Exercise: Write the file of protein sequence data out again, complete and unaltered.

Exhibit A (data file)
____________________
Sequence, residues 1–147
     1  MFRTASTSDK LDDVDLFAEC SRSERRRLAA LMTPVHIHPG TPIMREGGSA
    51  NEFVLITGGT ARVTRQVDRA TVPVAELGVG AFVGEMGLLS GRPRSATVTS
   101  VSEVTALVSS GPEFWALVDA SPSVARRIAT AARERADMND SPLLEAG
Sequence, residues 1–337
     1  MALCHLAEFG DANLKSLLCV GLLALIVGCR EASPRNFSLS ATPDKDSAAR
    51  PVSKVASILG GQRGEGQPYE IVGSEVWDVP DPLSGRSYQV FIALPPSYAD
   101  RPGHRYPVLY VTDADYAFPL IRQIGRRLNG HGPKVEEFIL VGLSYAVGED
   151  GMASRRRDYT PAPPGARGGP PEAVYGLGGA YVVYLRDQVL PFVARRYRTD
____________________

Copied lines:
Sequence, residues 1–147
     1  MFRTASTSDK LDDVDLFAEC SRSERRRLAA LMTPVHIHPG TPIMREGGSA
    51  NEFVLITGGT ARVTRQVDRA TVPVAELGVG AFVGEMGLLS GRPRSATVTS
   101  VSEVTALVSS GPEFWALVDA SPSVARRIAT AARERADMND SPLLEAG
Sequence, residues 1–337
     1  MALCHLAEFG DANLKSLLCV GLLALIVGCR EASPRNFSLS ATPDKDSAAR
    51  PVSKVASILG GQRGEGQPYE IVGSEVWDVP DPLSGRSYQV FIALPPSYAD
   101  RPGHRYPVLY VTDADYAFPL IRQIGRRLNG HGPKVEEFIL VGLSYAVGED
   151  GMASRRRDYT PAPPGARGGP PEAVYGLGGA YVVYLRDQVL PFVARRYRTD